I met Mike in second grade. Our family had just moved to San Jose, Calif., where my father was recruited to be the cantor at the only Modern Orthodox synagogue in the city. Mike’s father was the shul president. Our parents became close friends. Mike and I became best friends.
We shared the same classroom and sat next to each other. Mr. Wilson, our second-grade teacher, divided the class into three reading groups, each occupying a corner of the room. Mike was an avid reader, so he placed in the high group. I wasn’t, so I was in the middle group. Mike lobbied our teacher to move me into his group so we could still sit next to each other.
The pressure was on and it forced me to work on my reading. I spent Sunday mornings at Mike’s house reading the newspaper, a habit I learned to love. He went on to get a degree in business. I got a degree in journalism.
Mike was the smartest person I’ve ever met. He knew everything about everything. His brain was bursting with curiosity and creativity. He had solutions for every political and societal problem. Innovative business ideas flowed endlessly. But his primary business kept him busy, as he dreamed of new and exciting ways to change the world.
I envied Mike’s optimism and love for life. His greatest passions were his wife and kids followed closely by his parents and brothers. He spoke often about his father, a World War II veteran who helped liberate the Nazi death camps. My parents were in those camps. In a strange way, our parents’ very different histories helped mold their friendships.
Mike’s family had great genes. His grandparents lived to over 100 and his parents were healthy and youthful as they aged. When we were growing up, we would joke that his family wasn’t human. They lived forever.
There is no replacing a best friend. You get one and that’s it.
That’s why it was so shocking when he casually told me he had seen a doctor about a lump in his throat. Soon tests confirmed the news we all dreaded. An aggressive cancer.
Oddly, Mike wasn’t fearful. At least he didn’t show it. To him it was just another challenge that he would undoubtedly beat. Over the next seven years, he underwent multiple surgeries and rounds of chemotherapy.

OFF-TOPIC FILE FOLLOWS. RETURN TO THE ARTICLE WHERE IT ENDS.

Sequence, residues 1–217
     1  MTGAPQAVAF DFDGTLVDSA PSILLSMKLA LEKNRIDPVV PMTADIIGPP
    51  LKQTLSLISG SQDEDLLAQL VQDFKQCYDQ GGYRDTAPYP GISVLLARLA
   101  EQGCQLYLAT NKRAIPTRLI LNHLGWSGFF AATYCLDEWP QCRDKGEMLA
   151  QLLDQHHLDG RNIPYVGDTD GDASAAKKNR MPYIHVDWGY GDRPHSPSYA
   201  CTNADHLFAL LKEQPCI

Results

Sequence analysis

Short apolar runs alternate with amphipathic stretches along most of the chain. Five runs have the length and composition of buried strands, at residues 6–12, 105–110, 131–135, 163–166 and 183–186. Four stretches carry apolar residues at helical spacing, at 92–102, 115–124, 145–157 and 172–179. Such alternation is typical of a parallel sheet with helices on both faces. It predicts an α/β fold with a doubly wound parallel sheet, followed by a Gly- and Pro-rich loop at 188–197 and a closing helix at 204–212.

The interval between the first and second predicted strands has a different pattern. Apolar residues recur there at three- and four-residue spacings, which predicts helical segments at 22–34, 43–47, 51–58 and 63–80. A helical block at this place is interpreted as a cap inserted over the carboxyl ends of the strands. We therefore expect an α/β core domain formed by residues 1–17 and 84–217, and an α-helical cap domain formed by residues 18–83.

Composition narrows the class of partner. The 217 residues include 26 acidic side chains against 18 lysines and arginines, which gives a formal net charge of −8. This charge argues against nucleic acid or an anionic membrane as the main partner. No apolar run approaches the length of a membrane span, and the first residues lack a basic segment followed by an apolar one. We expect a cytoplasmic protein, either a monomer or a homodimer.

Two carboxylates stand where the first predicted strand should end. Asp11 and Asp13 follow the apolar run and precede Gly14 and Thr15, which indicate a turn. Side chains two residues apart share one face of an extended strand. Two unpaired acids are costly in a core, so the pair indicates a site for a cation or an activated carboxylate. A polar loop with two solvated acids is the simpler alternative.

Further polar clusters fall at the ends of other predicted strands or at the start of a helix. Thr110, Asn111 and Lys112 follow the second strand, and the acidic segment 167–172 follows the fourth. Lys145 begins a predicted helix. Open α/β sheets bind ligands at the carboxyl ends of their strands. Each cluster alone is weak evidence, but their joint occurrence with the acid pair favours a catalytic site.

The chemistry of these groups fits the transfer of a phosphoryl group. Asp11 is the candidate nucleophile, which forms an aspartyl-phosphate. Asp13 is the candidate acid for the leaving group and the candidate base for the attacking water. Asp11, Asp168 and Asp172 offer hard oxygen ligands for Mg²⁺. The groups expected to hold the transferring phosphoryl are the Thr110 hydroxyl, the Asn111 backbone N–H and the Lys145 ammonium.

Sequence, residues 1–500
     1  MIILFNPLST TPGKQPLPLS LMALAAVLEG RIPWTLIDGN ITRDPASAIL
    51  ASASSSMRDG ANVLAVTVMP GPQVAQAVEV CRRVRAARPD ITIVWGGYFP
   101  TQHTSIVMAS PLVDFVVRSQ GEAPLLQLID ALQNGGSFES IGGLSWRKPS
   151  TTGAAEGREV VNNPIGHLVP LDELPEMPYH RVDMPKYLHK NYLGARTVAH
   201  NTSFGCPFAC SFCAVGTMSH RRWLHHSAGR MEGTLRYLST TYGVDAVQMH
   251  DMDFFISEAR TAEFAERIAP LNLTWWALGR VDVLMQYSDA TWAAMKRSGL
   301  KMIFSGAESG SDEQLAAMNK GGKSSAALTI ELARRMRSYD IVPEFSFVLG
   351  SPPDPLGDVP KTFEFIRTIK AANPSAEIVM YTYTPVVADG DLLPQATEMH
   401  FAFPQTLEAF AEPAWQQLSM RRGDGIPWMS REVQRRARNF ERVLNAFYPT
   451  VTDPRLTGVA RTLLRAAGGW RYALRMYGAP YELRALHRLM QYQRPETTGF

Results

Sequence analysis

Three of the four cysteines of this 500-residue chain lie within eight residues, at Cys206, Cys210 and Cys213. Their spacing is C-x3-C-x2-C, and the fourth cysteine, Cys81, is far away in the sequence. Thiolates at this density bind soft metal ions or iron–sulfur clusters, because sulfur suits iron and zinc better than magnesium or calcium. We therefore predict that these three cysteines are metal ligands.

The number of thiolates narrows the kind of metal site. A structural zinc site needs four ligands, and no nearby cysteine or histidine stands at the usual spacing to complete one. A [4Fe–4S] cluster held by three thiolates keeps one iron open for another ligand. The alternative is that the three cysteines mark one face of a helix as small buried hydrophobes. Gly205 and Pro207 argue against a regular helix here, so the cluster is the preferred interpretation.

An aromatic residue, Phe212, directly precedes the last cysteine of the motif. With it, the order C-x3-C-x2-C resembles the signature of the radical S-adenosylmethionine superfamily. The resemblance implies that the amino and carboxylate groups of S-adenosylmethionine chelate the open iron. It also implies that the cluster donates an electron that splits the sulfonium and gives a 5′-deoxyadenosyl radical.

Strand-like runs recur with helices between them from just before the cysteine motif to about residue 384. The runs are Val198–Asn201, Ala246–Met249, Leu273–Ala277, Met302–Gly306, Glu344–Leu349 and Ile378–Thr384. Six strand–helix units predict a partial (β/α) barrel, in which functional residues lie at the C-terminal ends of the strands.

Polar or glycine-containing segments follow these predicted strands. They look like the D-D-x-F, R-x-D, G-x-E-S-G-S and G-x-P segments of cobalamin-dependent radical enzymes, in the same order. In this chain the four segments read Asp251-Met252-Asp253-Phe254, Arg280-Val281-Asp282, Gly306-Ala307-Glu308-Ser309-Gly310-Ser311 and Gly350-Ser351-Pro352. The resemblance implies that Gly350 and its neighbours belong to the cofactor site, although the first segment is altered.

While following his medical team’s treatment plan, he created one of his own. He researched his cancer down to its unique cellular structure. A believer in holistic healing, he formulated a plan of diet and natural supplements to augment modern medicine. As he would say, “it couldn’t hurt.”
His optimism gave him the strength to fight, but it was up and down. He kept me posted on his condition. I just listened because I knew that’s what he needed. One day, he called after receiving the results of what his doctors referred to as a “miracle” scan. He was in great spirits and we made plans to celebrate New Year’s Eve together with our wives. But as the holiday approached, he cancelled. He didn’t give a reason. He didn’t have to.
Over the next nine months I watched my best friend slip away. Our conversations focused on remembering the good old days.
And then he was gone.
In this age of social media, friendships can be fleeting. But not best friends. You can disagree and argue. But if it is a true best friend, you always return to the place when you first met and remember that best friends are forever, in life and even after.
I miss my best friend. I miss reminiscing about our shared childhood. I miss hearing about his latest business ideas. I miss his weekly Friday calls when he would wish me and my family a “wonderful and blessed Shabbos.”
But most of all I miss his sincerity. A regular friend will ask how you’re doing and hope you don’t tell them. A best friend will want to hear the answer because they care.
There is no replacing a best friend. You get one and that’s it. Hopefully yours is someone like Mike.
Harvey Farr runs a Los Angeles-based public relations firm specializing in nonprofit marketing.